Written by Colin+ in game theory, modelling, probability.

From time to time, I come across a problem that has me scratching my head. In a good way. I like brain-teasers. Sometimes I solve them, sometimes I don’t.

This is one that I haven’t solved — but I wanted to share the thought process that goes into modelling the situation so that you could, if you wanted to. An insight into my mind, if you like.

I was driving home the other night. I don’t have a garage and the street parking in my neighbourhood is first come, first served. It was about 8pm, so most people were already home — meaning most of the spaces were taken. The question that sprang to mind was, how close to home would a space need to be before I’d consider parking in it?

There are a few things I’d need to consider:

- how far away the space is from my house
- how annoyed I’d be if I walked from there (the cost of walking home);
- how likely I am to find a better space;
- how annoyed I’d be if I kept on driving without finding a closer space (the cost of driving on).

This is a problem of game theory, although it’s not a very interesting game: it’ll end after this move. Game theorists talk about the annoyance factors as costs — walking home might ‘cost’ me, say, 0.3 goves per kilometre, while driving on might be as low as 0.07 goves. The important thing isn’t so much the numbers or the units (repeat after me: the gove is not important), as finding a relative cost for each choice of action.

The likelihood of finding a better space is an interesting problem in itself. In my neighbourhood, I’ve no particular reason to believe that one space is more likely to be filled than any other, so it’d be reasonable to assume that each space is equally likely to be filled. I could come up with an estimate of the probability by counting the ratio of filled to unfilled spaces so far, and then estimate the number of empty spaces I’d expect to see between now and home.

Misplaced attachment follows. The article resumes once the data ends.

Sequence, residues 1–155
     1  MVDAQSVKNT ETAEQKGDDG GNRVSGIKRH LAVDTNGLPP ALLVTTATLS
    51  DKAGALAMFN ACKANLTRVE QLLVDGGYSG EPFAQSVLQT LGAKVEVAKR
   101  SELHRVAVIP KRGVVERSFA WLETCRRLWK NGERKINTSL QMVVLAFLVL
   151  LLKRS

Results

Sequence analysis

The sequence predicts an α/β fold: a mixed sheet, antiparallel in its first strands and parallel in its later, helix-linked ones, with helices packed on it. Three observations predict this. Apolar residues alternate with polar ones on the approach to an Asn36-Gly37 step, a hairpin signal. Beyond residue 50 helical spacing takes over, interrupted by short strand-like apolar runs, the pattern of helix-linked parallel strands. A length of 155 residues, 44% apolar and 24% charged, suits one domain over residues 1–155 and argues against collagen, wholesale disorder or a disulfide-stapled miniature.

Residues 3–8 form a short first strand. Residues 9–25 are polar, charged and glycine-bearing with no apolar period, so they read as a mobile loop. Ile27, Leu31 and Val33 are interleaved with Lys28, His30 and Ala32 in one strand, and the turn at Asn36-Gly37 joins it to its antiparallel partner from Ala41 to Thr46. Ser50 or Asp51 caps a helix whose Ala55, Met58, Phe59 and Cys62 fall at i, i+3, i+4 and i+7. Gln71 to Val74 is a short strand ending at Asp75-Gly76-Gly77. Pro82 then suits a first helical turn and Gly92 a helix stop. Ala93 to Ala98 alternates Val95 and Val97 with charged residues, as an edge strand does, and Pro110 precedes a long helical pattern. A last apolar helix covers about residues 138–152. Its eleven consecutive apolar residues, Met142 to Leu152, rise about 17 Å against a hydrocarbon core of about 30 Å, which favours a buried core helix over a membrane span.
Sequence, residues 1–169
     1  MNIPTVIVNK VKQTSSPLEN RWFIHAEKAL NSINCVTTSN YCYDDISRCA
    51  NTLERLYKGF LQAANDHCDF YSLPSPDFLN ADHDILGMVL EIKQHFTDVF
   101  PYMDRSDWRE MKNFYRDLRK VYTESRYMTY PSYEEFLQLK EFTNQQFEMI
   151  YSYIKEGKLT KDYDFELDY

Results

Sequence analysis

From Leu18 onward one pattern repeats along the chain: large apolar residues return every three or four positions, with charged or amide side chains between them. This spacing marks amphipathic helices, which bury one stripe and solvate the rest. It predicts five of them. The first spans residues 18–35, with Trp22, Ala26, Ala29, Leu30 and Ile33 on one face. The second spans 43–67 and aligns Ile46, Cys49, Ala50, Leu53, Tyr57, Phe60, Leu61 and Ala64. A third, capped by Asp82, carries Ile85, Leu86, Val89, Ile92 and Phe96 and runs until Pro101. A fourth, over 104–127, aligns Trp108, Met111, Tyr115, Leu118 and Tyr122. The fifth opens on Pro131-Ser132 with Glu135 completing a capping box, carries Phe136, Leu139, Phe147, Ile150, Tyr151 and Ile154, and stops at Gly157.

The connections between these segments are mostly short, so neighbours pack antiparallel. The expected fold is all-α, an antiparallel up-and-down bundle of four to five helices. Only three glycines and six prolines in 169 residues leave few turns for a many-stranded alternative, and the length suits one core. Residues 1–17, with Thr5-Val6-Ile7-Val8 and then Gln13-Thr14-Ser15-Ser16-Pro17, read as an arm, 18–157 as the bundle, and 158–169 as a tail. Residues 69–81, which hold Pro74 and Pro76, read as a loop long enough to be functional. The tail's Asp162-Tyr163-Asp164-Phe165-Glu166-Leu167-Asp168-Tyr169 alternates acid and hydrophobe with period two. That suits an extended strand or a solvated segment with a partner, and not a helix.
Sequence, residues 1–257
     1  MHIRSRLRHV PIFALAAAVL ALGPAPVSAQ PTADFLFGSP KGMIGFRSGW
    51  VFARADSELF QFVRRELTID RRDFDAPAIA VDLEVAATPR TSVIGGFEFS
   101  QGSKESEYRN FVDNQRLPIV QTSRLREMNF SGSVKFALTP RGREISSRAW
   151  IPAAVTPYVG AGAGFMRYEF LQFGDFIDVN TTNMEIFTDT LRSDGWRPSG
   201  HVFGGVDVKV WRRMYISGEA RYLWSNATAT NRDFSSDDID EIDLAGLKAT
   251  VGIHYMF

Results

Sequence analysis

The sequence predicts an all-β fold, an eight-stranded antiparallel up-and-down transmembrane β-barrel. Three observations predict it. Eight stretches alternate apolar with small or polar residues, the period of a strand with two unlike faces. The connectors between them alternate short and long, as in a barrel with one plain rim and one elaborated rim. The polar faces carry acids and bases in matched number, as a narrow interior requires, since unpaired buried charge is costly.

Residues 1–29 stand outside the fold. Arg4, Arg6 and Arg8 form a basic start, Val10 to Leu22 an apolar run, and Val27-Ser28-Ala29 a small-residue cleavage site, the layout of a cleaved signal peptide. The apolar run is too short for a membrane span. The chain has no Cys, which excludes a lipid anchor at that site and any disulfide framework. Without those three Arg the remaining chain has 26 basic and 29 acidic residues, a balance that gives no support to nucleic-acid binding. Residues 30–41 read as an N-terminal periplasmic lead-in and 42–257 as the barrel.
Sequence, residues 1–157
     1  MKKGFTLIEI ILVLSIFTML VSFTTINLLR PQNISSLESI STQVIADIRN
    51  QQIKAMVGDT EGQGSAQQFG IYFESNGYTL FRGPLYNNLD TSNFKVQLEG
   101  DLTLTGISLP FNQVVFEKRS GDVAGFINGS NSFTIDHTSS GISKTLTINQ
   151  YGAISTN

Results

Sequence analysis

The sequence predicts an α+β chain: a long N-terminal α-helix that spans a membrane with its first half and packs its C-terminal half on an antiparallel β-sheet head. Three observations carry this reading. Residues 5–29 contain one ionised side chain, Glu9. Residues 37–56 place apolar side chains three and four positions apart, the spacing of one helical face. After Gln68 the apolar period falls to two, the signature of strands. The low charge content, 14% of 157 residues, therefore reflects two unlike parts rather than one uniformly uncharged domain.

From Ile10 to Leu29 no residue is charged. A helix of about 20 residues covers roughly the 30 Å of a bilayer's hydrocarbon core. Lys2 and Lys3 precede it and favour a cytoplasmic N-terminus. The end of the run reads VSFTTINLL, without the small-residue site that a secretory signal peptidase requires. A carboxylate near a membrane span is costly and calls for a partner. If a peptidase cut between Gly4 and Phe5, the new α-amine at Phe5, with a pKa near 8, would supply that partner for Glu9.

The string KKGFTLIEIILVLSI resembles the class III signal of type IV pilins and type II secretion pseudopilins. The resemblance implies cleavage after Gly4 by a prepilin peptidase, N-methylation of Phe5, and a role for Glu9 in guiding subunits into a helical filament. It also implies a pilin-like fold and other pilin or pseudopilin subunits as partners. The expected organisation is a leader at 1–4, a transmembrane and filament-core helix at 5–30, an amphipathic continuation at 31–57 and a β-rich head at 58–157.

(This wouldn’t work so well in, say, a big car park. You’d need to take into account the fact that cars are more likely to park close to the ticket machines and close to the exit and come up with a complex model relating your observations to the probabilities.)

The trick in the solution will be to compare the annoyance of parking up and walking to the *expected* annoyance of driving on — including how far I’d expect to have to drive to a better space and then how far I’d have to walk home.

As I say, I didn’t come up with an actual proper solution to the problem — my feeling was that there’d be a better space around the corner, and there was — but I don’t know whether I got lucky. But I know how I’d work it out if I needed to.

## splittter

Is annoyance at carrying on something like:

P(Finding a space after here)*(annoyance at walking halfway home from here) + P(Not finding a space after here)*(annoyance at walking home from that spot) + P(Not finding a space after here)*(annoyance at not having taken this space)

So when that\’s less than (annoyance at walking home from this spot) carry on.

I think this assumes annoyance at walking home is linear, which seems fine – and that the space you just passed remains open, which obviously isn\’t always true but not terrible.

Other factors to consider are (joy at finding a space right next to my door), and how to account for Murphy\’s law, specifically that there\’s never a parking spot after the one that you thought you maybe should take but didn\’t đ

But, it occurs to me that if you correctly worked out & applied this forumla you should eliminate (annoyance at not having taken this space), as your actions would be mathematically 100% sound!

## Colin Beveridge

Ha! đ